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Time for a closer look at your D&O policy

Directors often assume their directors and officers (D & O) policy will protect them from the key risks they face as a director.  Recent developments highlight this is not always the case.

The scope of D & O policies and their effectiveness in certain circumstances can vary widely, particularly where a company gets into financial difficulties.  This can lead to situations where directors are effectively left with no insurance protection from claims and the risk of significant personal financial liability.

While directors of public companies and large private companies generally ensure they are covered by a D & O policy they should go further than simply checking a policy is in place.

The terms of D & O policies can differ significantly.  In particular, it is important to check the scope of the D & O policy as well as what is excluded from cover.  As the activities of companies can change over time, it is important to review this on a regular basis not just at the outset. 

Directors should take particular care if their company is in financial difficulties.  It is not uncommon in these circumstances for D & O policies to lapse due to non payment of the premium by the company.  Furthermore, if a company goes into administration or liquidation then administrators and liquidators often don't renew D & O policies.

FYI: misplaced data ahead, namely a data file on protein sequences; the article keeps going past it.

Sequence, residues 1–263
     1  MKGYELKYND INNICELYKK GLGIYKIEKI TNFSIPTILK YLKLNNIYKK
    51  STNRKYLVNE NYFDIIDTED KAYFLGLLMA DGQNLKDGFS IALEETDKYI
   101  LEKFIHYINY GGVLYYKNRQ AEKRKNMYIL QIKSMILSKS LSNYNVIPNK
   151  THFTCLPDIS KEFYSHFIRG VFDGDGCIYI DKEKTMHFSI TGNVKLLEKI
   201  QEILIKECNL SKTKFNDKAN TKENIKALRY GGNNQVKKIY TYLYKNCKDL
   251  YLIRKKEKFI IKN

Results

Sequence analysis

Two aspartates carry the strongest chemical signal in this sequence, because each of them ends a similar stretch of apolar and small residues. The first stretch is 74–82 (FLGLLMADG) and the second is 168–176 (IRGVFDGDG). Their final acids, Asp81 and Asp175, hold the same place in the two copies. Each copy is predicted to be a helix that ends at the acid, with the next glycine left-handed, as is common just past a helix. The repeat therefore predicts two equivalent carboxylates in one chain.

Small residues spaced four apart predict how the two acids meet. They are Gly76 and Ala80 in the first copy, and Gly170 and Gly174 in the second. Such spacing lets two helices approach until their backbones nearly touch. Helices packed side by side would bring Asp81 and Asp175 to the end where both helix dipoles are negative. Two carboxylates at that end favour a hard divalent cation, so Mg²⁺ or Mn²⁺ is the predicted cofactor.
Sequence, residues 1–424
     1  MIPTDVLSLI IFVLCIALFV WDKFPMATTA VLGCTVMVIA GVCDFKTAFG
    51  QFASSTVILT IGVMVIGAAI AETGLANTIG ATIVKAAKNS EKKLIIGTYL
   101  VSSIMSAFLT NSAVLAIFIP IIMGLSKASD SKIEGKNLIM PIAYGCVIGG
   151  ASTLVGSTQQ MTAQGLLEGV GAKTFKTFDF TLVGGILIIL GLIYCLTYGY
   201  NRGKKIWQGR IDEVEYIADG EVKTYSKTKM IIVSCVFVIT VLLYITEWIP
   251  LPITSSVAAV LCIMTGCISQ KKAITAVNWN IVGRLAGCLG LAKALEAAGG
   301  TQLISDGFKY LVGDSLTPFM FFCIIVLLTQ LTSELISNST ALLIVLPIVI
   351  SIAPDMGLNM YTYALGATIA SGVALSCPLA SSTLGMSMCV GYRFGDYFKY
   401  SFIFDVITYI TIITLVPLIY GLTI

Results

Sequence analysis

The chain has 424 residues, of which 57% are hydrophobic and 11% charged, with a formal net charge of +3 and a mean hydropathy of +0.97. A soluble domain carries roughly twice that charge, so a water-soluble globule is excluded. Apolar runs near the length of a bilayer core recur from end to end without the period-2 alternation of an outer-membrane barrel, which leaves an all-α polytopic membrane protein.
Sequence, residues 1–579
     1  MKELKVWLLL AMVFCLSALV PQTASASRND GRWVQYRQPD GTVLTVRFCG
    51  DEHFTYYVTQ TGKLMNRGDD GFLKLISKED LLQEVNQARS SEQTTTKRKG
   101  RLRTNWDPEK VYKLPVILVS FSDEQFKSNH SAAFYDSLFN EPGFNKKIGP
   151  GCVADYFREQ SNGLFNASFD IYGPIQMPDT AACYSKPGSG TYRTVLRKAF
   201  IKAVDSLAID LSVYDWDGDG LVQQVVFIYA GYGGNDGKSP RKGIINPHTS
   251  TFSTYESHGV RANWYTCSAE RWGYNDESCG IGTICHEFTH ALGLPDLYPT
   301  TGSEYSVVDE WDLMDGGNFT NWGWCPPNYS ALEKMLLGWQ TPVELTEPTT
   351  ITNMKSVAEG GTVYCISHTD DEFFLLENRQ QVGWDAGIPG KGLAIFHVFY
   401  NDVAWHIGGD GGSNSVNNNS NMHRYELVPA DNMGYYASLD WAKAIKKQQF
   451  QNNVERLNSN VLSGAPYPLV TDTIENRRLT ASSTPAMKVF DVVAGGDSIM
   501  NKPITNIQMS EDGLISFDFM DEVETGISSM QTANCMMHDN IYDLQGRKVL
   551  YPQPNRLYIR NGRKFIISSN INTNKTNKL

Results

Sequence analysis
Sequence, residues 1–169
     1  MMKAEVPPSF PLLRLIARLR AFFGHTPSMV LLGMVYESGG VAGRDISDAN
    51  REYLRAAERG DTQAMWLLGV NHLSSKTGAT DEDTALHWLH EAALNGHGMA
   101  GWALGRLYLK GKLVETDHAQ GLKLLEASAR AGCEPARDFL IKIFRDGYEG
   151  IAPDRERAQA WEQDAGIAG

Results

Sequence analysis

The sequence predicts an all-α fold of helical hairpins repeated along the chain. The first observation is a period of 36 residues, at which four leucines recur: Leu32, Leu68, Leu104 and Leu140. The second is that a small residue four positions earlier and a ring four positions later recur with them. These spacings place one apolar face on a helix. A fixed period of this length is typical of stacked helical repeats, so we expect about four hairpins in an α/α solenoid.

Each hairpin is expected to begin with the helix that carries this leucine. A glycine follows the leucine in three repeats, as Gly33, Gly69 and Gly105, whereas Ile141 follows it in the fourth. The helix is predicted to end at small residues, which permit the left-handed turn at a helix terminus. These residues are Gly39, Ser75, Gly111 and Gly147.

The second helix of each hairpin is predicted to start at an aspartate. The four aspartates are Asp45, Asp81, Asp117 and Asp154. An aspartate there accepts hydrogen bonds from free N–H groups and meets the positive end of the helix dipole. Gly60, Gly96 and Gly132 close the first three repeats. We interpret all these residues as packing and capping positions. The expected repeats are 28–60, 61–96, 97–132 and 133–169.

Most D & O policies are written on a 12 monthly basis and provide cover for claims or circumstances notified to the insurer during the policy period.  While there is sometimes scope for directors to make claims under a D & O policy that has lapsed, their ability to do so will always depend upon the particular circumstance and the terms of the D & O policy.

The recent rise in shareholder class actions, often supported by litigation funders, and enforcement action taken by the corporate regulator, such as the recent James Hardie case, have increased the risks for directors under many D & O policies. 

D & O policies usually include three separate insuring clauses.  Side A covers claims for which the company has not provided an indemnity to directors.  Side B reimburses the company for payments made to directors under an indemnity.  It has also become common over the last decade to cover the company under Side C for shareholder claims.

The problem for directors is that D & O policies typically contain an aggregate payout limit for the three insuring clauses provided in their D & O policy.  It is the third insuring clause, Side C, which can leave directors personally liable as it protects the company itself rather than directors from “securities claims” including shareholder claims. 

Side C clauses in D & O policies have been heavily relied on by companies in the recent wave of shareholder class actions.  This has led to situations where the aggregate payout limit of a D & O policy is reached prior to directors seeking protection under the policy. 

Given the current difficult economic climate, existing and potential directors should have a closer look at their D & O policies.  In particular, they should check the scope of their policy, the exclusions to the policy and whether there is a risk of not being covered under their policy in the event of a large claim, such as a shareholders claim, being made against their company. 

Please contact Geoff Green on 03 8319 1866 or at geoff.green@bsglegal.com.au or Jai Singh on 03 8319 1872 or at jai.singh@bsglegal.com.au for further information.



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